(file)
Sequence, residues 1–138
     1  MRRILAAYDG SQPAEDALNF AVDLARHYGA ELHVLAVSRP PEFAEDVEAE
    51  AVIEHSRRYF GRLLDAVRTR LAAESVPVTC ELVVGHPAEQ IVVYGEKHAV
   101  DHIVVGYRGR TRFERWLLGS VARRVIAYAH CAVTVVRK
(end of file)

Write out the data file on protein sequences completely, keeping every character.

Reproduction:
Sequence, residues 1–138
     1  MRRILAAYDG SQPAEDALNF AVDLARHYGA ELHVLAVSRP PEFAEDVEAE
    51  AVIEHSRRYF GRLLDAVRTR LAAESVPVTC ELVVGHPAEQ IVVYGEKHAV
   101  DHIVVGYRGR TRFERWLLGS VARRVIAYAH CAVTVVRK